Liberal Democrat Home Affairs Spokesperson Ed Davey MP said: “Following significant pressure, the Prime Minister said there will be no financial barrier for any EU nationals who wish to stay. How long did that commitment last?
“It is Conservative Ministers who have made a mess of Brexit. They should either pay the cost for EU citizens or change the application system and ensure EU citizens are made to feel welcome in the UK.
“Ultimately, the best way to avoid all of this mess is by giving the people the option to remain in the EU with a final say on Brexit.”
Committee queries WG priorities
A SENEDD Committee has questioned the legislative priorities of the Welsh Government on animal welfare.
The majority of members of the Climate Change, Environment and Rural Affairs Committee support
A proposal from the Welsh Government to ban the use of wild animals in travelling circuses in Wales. However, the Committee has questioned why a ban on the practice should be prioritised over a range of pressing animal welfare issues, such as ‘puppy farming’.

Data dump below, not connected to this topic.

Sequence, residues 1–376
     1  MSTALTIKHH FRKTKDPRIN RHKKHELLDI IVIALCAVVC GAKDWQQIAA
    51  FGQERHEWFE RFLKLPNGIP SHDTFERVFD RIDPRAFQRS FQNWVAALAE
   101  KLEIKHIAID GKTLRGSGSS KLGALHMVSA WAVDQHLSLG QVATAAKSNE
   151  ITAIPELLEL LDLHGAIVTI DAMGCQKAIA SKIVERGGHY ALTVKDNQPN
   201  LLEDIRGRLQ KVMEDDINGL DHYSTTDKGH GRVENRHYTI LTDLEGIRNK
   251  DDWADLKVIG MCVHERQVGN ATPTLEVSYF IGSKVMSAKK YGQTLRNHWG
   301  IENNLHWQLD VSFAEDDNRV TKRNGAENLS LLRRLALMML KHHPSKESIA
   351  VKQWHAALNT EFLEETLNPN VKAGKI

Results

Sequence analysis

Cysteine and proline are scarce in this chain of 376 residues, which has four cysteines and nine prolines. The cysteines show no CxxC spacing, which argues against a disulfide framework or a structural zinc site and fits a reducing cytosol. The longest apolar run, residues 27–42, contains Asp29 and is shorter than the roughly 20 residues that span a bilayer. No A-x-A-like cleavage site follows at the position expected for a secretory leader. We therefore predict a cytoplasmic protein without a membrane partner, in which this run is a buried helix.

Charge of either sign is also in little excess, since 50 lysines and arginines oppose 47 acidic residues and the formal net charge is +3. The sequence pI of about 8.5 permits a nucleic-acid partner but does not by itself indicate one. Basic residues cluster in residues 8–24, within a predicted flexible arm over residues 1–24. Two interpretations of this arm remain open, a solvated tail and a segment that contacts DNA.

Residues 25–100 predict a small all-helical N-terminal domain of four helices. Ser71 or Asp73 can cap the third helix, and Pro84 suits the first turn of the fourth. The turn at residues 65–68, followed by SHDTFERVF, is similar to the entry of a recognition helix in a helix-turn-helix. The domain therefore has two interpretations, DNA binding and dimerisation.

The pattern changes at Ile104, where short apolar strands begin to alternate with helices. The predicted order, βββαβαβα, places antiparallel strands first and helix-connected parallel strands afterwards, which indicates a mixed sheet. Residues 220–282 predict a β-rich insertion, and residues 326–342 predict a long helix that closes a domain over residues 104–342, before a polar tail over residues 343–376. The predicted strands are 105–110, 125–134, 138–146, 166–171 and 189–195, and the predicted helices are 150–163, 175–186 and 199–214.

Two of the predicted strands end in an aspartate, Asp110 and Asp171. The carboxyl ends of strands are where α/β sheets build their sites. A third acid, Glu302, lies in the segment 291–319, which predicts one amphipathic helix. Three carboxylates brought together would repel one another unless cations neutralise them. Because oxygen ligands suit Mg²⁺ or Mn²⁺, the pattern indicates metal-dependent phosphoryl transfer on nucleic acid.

Despite a series of scandals regarding the activities of licensed and unlicensed dog-breeders over many years, the Welsh Government has failed to take any action to curb puppy-farming and cut the amount of funding available to local authorities to enforce the existing law on dog breeding. By comparison, circuses are ‘a soft target’ for legislation, as so few perform in Wales.
Currently there no Welsh circuses with wild animals in operation but circuses from other countries do visit and can legally use wild animals in their acts.
The ban will affect only two UK travelling circuses which own a total of 19 wild animals.